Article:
Situated to the northeast of Middle Island Creek in Doddridge County lies the community of Nutter's Fork. It is often referred to as the "Solid North" because of its unwavering support of the Union during the Civil War and its subsequent support of the Republican Party. Many young men from the Nutter's Fork area entered into the service of the Union Army during the War between the States. Early settlers in the Nutter's Fork region included the Sears brothers, a cattle raiser known as Haymond, and Thomas Smith, originally from Greene County, Pennsylvania. Nutter's Fork was named for an early settler, Mr. Nutter. Not much is known about him, except that he was killed during a great storm that struck the county in the early 19th century.

Important Events During the 1800s

Attorney Chapman Johnson Stuart (1820-1888) was one of Doddridge County's most noted residents during the 1800s. Known as one of the "founders" of West Virginia, he served as a Delegate for Tyler and Doddridge counties at the Richmond Convention in 1861 where he opposed Virginia's succession from the Union. His life was threatened because of his staunch Unionist views. He later attended the Wheeling Convention in 1861 which established the Restored Government of Virginia, and was instrumental in establishing the future state of West Virginia. Chapman Johnson Stuart has also been credited with naming the state of West Virginia. A June 1913 article which appeared in the Wheeling Intelligencer credits him for suggesting the name West Virginia as opposed to the other proposed names of "New Virginia" and "Allegheny."

Another prominent resident of Doddridge County during the 19th Century was the Frenchman Joseph H. Diss DeBar. A distinguished artist, linguist, and the designer of the Great Seal and Coat of Arms of West Virginia, he was born in Alsace, France in 1817 and immigrated to America in 1842 aboard the steamer "Britannia." While aboard the Britannia, Diss Debar became acquainted with and painted a portrait of the noted writer Charles Dickens. Diss Debar arrived in Doddridge County in 1846. In an article which appeared in the West Union Herald in 1883, he described his first impressions of the county. In the article he reminisced about the day, April 15, 1846 in which he "had the good fortune to set foot on Virginia soil." He went on to describe the tiny town of Lewisport (later West Union) as "picturesque." Diss Debar is also credited with founding the town of Santa Clara. The town was named in honor of his wife, Clara Lavassor, whom he met and married in Cincinnati prior to arriving in Doddridge County.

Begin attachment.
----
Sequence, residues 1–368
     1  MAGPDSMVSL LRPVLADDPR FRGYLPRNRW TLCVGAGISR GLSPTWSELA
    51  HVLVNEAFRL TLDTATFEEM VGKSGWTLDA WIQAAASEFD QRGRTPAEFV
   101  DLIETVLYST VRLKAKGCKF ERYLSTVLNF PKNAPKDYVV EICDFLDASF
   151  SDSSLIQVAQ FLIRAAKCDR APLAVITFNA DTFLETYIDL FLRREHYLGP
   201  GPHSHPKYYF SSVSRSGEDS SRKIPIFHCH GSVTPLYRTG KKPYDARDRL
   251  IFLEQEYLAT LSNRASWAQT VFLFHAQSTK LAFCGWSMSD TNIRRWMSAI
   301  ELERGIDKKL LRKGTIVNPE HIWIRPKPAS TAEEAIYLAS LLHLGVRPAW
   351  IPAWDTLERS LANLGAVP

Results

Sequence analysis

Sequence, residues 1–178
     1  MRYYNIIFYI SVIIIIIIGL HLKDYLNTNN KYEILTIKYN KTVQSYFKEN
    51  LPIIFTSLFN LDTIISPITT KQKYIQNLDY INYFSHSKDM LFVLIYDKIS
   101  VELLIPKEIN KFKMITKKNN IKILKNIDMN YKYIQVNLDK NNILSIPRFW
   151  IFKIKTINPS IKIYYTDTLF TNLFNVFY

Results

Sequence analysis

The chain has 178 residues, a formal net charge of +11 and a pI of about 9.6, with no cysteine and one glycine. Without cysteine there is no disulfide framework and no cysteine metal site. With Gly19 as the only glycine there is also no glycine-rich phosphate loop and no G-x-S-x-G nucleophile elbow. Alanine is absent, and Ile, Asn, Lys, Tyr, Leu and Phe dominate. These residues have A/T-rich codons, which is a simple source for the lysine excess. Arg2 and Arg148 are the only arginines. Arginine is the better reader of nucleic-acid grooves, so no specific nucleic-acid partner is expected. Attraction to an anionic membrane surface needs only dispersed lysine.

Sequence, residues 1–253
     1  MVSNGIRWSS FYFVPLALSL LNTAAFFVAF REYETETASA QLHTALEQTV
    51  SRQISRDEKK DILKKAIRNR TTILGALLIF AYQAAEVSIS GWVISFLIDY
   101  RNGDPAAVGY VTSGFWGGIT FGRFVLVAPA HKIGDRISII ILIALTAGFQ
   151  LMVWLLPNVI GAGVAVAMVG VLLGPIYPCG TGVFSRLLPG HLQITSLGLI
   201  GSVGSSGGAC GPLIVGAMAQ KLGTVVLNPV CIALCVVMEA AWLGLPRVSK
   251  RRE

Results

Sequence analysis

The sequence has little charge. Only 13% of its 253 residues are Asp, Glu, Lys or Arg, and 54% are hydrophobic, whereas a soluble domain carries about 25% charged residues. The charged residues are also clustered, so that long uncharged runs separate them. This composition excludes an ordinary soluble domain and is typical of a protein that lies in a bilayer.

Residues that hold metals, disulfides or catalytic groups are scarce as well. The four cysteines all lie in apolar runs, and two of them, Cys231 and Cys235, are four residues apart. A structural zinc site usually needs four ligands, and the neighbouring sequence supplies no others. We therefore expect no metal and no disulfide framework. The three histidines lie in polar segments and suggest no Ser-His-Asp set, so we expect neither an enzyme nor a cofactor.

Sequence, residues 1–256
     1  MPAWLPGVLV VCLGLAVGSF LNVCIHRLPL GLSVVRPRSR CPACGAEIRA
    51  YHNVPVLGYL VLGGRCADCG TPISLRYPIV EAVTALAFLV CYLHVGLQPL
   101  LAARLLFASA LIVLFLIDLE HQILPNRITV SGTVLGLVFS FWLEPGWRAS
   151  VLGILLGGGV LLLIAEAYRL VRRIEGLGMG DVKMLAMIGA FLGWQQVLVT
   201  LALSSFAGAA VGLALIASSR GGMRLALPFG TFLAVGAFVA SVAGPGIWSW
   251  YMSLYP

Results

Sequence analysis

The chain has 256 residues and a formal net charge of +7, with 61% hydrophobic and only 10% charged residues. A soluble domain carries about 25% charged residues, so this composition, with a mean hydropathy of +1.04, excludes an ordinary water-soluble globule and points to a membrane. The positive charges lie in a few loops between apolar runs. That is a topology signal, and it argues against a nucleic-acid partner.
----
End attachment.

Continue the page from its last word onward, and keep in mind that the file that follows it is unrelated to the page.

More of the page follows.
In 1863, Peter G. Van Winkle, chair of the committee established to create a state seal commissioned Diss Debar to carry out the honorable task. He presented the committee with a seal picturing a miner with a pick signifying industry, and a farmer with an axe signifying agriculture. He used Henry Joseph Smith, a resident of Cove in Doddridge County, as his model for the farmer. Centered between the farmer and the miner is a stone bearing the date of West Virginia's admittance to the Union, June 20, 1863. The stone which symbolizes strength is then complimented by two crossed rifles and a Phrygian cap indicating liberty. Finally, below the scene is the motto written in Latin "Montani Semper Liberi" - Mountaineers Are Always Free. On September 26, 1863, the state legislature approved Diss Debar's seal.

Doddridge County's growth during the 19th Century was assisted by the advent of two important transportation projects: the Northwestern Turnpike and the construction of the Baltimore and Ohio Railroad.

George Washington proposed the construction of the Northwestern Turnpike in 1784. Designed to link eastern Virginia with the frontier areas beyond the Appalachian Mountains, it was completed in 1838. The turnpike linked Winchester, Romney, Grafton, Clarksburg, and Parkersburg. One of the more popular stops along the turnpike was Ephiriam Bee's Hotel. It was located in the vicinity of present-day Doddridge County. Joseph H. Diss Debar stopped at the hotel on his way to Clarksburg and reported that he enjoyed his short stay at the fine establishment and was treated to a "smoking hot dinner of boiled ham and greens, mashed potatoes, dried peach pie and store teas, all of a quality and savor to be gratefully remembered to this day" (1883).

The expansion of the Baltimore and Ohio Railroad from Harper's Ferry into Doddridge County in 1856 brought with it a relatively steady stream of new settlers and enhanced economic growth. The Baltimore and Ohio railroad was an integral part of Doddridge County's transportation system well in to the 20th century.

Important Events During the 1900s

The oil and gas industry began to develop within the county during late 19th Century. In 1892, the Sullivan Heir's Well #1, a part of the South Penn oil pool, was the first well to open in the county. By 1906, there was an oil boom in West Union. The oil and gas industries continued to grow rapidly within the county until the stock market crash in 1929. Many oil and gas companies dominated Doddridge County's economy at the time, including the Philadelphia Company, South Penn Oil Company, Carter Oil Company, Carnegie Gas Company, and Hope Natural Gas Company. There were also several relatively prosperous small contractors in the county at the time, including Edward Trainer, Charles H. Pigott, and Dexter Gribble. After the 1929 stock market crash, the industry's development stalled until the outbreak of World War II. The industry's health was remained relatively good since, with a brief boom in the early 1960s, especially in the West Union area. The oil and gas industry continues to operate and play an important role in Doddridge County's economy today.